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Advantages of Windows NT

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First post, by fsmith2003

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I have never dove into the world of Windows NT. Mostly because I don't exactly understand its use. I've always heard of people using it in some version since it was released. So I was curious if it could be explained what advantages it has over the other versions released at the same time. Is it something I should try out for any reason on some of my retro builds? What exactly does it do differently than the others?

Reply 1 of 29, by derSammler

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NT was Microsoft's continuation of OS/2 after they split with IBM. It's a true 32-bit OS with no 16-bit crap, does not rely on DOS, and it's very stable. We are all using Windows NT now, since Windows 2000, XP, Vista, 8.x, and 10 are all part of the Windows NT line, even if "NT" was dropped from the name during development of Windows 2000 (which was called NT 5.0 up to RC1).

Reply 2 of 29, by Errius

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Performance, stability and security. However it won't run DOS games at all, and will only run a minority of Windows games.

One nice thing about NT 4.0 is that it still networks smoothly with Windows 7.

“Your mission is to attack and destroy the Apple Computer manufacturing plant. You are allotted 35 bombs and 60 lasers."

Reply 3 of 29, by fsmith2003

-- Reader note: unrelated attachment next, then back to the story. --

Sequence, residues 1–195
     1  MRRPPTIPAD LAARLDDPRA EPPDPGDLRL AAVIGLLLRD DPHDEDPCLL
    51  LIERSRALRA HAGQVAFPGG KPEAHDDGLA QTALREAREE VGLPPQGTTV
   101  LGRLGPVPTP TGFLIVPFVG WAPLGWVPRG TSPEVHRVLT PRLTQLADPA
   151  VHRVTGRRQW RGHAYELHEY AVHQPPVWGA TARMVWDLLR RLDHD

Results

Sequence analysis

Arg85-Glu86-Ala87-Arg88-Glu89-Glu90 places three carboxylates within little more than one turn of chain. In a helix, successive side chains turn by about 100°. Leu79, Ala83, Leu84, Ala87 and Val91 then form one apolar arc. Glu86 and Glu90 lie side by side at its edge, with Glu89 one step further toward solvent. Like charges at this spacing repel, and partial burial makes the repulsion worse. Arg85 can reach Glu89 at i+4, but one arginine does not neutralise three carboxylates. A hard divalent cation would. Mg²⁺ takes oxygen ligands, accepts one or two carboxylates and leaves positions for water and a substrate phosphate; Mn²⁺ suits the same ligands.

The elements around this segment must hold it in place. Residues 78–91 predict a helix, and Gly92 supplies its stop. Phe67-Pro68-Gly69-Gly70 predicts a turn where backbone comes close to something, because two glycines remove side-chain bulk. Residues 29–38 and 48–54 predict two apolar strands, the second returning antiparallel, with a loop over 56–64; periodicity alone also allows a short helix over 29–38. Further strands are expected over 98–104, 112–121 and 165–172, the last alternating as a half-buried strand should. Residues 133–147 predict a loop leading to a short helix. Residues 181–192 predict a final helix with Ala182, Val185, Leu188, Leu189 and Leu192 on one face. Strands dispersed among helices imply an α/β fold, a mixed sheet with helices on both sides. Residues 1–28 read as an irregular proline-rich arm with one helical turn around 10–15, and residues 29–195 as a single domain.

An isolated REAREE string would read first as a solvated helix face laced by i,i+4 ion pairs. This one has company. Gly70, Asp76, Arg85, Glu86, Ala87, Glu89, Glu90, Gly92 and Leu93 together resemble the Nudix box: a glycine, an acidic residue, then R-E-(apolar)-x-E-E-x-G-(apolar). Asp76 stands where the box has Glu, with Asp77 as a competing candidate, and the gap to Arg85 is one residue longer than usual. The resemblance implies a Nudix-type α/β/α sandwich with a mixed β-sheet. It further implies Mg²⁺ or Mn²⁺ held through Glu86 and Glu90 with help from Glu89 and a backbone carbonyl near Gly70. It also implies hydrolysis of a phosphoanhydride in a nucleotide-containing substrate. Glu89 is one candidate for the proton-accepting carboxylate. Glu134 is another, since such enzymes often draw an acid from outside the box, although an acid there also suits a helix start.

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So basically NT is the beginnings of what we use today? Since it is not based off of DOS then are there some notable programs or games that did use this technology prior to the release of Windows 2000?

Reply 4 of 29, by Jo22

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fsmith2003 wrote:

So basically NT is the beginnings of what we use today?

Yes, pretty much. NT prior NT 5.1 (Win XP) had some interersting features.
* NT up to 3.5x ran GDI in User Space (NT4 GDI ran in Kernal Space. Vista was same again)
* NT 3.x or 4.0 still can read HPFS volumes
* NT had a better/more complete network stack than 9x
* NT 5.0 (Win 2000) still contained IPX/SPX (optional in XP)
* NT 3.1 supported multi-processor setups with 386 CPUs
* NT 5.0 (Win 2000) was the last OS for the PC-98 platform (and inofficially, the 486)
* NT up to 4.0 or 5.0 (Win 2000) sill supported OS/2 text mode apps
(and 16-Bit PM apps with the OS2 Presentation Manager For NT.)

fsmith2003 wrote:

Since it is not based off of DOS then are there some notable programs or games that did use this technology prior to the release of Windows 2000?

I don't know for sure. But programs that used threading did perhaps benefit from its better multi-tasking abilities.
Windows 3.1 and 9x did not support multi-processor setups, even though Dual-Pentium mainboards existed in the 90s.